But the resounding victory of the BJP in 2022 indicates that we may be entering a new phase of social engineering. The inroads made by the BJP in sub-regions of Gujarat dominated by erstwhile constituents of the KHAM grouping is clear affirmation that Gujarat politics has now moved far beyond the conventional caste- and faith-based calculus. How else can one explain the fact of the BJP winning 23 out of 27 seats reserved for Scheduled Tribes, 11 seats out of 13 seats reserved for Scheduled Castes and 48 out of 54 seats where OBC voters are a decisive factor?

Most interestingly, the BJP’s candidates scored comfortable victories in seats such as Dariapur, Vankaner and Surat (East), where the support of the Muslim population is decisive. With Hindu consolidation in the background, is this the coming together of a new KHAM, given that K (OBC groups such as Thakors and Kolis), H (Dalits) and A (Adivasis) have firmly backed the BJP, and the party has found a way to win in many seats once dominated by M (Muslims)?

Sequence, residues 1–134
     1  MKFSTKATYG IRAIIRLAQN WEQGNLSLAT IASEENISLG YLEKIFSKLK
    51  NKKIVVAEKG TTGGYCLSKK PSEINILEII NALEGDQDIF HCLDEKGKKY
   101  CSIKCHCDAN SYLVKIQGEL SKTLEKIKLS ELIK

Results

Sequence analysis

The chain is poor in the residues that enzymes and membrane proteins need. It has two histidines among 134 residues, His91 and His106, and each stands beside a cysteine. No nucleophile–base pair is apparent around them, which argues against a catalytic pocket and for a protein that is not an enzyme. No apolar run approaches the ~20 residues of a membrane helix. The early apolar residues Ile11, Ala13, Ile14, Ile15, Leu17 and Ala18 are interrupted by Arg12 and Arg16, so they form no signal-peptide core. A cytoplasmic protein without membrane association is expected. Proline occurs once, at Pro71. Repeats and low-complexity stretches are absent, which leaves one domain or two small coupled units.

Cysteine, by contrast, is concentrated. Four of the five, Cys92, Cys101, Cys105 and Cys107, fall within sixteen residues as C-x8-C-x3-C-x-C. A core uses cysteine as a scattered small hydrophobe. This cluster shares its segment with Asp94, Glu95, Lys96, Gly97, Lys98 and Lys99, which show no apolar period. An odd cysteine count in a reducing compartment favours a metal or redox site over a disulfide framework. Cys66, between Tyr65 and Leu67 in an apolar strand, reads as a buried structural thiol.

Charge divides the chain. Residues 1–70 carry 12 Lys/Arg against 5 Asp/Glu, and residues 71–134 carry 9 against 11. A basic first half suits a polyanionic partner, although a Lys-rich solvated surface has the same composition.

The message from the Vidhan Sabha election is clear — that Hindutva and the perception of a robust nationalist leadership are upending the old social calculus and forging new coalitions. How this will impact national politics — for,s unlike Solanki, Modi has a dominating national footprint too — is yet to be seen.

Amit Dholakia is professor and head, department of political science, The Maharaja Sayajirao University of Baroda The views expressed are personal